The Board’s now-longstanding process re-engineering has hit on some very good ideas (Desk 32s for example) and some duds (Binding Arbitration). That being said, at their own admission, the Board has been seeking out cases where hearings are unnecessary and trying, with as much success as failure in this author’s experience, to resolve cases using Proposed Decisions and administrative “orders” as much as possible. The number of EC-81.7s — so-called “scheduling orders” — for litigation on permanency (usually SLUs) has noticeably increased; as has the Board’s use of PD-NSLs to resolve medical objections, even sometimes in cases where the issue is more complex than simply MTG compliance.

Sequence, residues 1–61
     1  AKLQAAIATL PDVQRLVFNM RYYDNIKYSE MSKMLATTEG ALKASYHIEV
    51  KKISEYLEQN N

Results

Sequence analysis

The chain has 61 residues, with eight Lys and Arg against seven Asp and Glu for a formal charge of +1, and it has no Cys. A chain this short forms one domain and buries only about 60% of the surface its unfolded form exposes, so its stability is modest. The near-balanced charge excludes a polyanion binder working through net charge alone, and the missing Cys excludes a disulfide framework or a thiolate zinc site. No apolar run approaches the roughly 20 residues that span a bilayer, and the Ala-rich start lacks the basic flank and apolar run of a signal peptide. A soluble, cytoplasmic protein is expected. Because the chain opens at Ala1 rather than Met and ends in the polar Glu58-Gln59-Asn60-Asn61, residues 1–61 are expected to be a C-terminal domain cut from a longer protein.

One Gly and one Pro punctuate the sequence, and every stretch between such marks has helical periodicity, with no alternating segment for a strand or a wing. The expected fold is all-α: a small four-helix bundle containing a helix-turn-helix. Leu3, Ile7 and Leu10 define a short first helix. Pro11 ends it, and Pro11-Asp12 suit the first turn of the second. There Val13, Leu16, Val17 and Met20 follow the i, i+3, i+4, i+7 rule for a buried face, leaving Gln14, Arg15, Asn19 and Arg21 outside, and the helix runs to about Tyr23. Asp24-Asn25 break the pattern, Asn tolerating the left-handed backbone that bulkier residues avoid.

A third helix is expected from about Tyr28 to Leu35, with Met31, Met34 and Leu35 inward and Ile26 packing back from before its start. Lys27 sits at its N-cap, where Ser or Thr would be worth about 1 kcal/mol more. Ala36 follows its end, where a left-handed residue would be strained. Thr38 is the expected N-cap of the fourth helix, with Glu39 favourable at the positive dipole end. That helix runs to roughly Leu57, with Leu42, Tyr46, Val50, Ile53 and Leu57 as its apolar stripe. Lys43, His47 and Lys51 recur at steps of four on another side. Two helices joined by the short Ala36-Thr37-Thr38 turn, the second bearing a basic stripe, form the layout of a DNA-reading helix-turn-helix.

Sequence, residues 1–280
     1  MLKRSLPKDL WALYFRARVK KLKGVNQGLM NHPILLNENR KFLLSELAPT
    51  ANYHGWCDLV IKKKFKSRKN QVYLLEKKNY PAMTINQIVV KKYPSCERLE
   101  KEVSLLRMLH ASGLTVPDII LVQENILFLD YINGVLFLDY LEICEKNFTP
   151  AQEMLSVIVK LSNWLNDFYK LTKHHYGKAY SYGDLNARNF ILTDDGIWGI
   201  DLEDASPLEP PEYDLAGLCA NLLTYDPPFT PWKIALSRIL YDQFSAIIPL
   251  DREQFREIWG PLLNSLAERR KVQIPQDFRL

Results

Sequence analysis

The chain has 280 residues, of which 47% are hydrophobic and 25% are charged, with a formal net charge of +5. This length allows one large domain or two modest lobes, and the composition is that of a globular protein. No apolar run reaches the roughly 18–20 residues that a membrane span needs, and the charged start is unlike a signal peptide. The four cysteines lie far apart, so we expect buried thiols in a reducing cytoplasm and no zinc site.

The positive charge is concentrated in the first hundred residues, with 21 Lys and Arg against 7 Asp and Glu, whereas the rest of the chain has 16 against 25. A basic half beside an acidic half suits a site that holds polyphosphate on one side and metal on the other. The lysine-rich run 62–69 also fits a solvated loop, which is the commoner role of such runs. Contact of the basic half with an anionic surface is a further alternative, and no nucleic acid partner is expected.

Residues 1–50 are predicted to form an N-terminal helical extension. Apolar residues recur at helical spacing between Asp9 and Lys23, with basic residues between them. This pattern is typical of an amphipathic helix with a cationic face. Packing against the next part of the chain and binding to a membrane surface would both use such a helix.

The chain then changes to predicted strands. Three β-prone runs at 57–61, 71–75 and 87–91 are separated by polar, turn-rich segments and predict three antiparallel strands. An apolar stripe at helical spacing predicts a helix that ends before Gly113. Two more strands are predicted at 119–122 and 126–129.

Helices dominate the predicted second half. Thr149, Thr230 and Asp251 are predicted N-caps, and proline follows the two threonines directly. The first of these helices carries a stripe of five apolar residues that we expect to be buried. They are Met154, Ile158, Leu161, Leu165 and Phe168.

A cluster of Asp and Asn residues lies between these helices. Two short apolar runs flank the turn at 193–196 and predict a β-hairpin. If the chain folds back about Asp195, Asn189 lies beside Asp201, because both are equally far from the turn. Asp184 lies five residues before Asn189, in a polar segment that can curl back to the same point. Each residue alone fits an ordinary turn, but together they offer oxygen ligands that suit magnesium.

When used properly, these tools can cut back on unnecessary hearings and reduce the cost of workers’ compensation claims for both parties and the WCB.
The increased activity in PD-NSLs has also resurrected an old problem: when a medical provider tries to intervene in the legal proceedings before the Board.
Because the Board has selected medical issues as one topic for increased use of Proposed Decisions, and because medical providers are copied on those decisions, the provider, having a copy of the decision in hand, and sometimes reading it through, thinks he or she can lodge an objection. Any why shouldn’t they? The language of the decision seems clear:
In fact, the last page of these decisions contain a handy blank where the objecting party can write in their objection and return it to the Board: